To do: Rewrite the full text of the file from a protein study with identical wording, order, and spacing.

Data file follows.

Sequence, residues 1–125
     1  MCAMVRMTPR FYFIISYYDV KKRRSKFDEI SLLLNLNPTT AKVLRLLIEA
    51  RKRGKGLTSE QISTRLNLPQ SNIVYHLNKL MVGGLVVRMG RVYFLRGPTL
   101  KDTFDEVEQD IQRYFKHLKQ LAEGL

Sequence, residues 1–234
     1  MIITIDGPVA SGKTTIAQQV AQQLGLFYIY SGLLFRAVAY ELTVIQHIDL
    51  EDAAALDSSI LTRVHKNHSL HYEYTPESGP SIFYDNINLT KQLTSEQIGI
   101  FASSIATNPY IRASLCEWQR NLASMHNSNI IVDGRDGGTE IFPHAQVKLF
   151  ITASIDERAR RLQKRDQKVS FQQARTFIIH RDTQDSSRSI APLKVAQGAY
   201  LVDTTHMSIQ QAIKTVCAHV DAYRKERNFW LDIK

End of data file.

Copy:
Sequence, residues 1–125
     1  MCAMVRMTPR FYFIISYYDV KKRRSKFDEI SLLLNLNPTT AKVLRLLIEA
    51  RKRGKGLTSE QISTRLNLPQ SNIVYHLNKL MVGGLVVRMG RVYFLRGPTL
   101  KDTFDEVEQD IQRYFKHLKQ LAEGL

Sequence, residues 1–234
     1  MIITIDGPVA SGKTTIAQQV AQQLGLFYIY SGLLFRAVAY ELTVIQHIDL
    51  EDAAALDSSI LTRVHKNHSL HYEYTPESGP SIFYDNINLT KQLTSEQIGI
   101  FASSIATNPY IRASLCEWQR NLASMHNSNI IVDGRDGGTE IFPHAQVKLF
   151  ITASIDERAR RLQKRDQKVS FQQARTFIIH RDTQDSSRSI APLKVAQGAY
   201  LVDTTHMSIQ QAIKTVCAHV DAYRKERNFW LDIK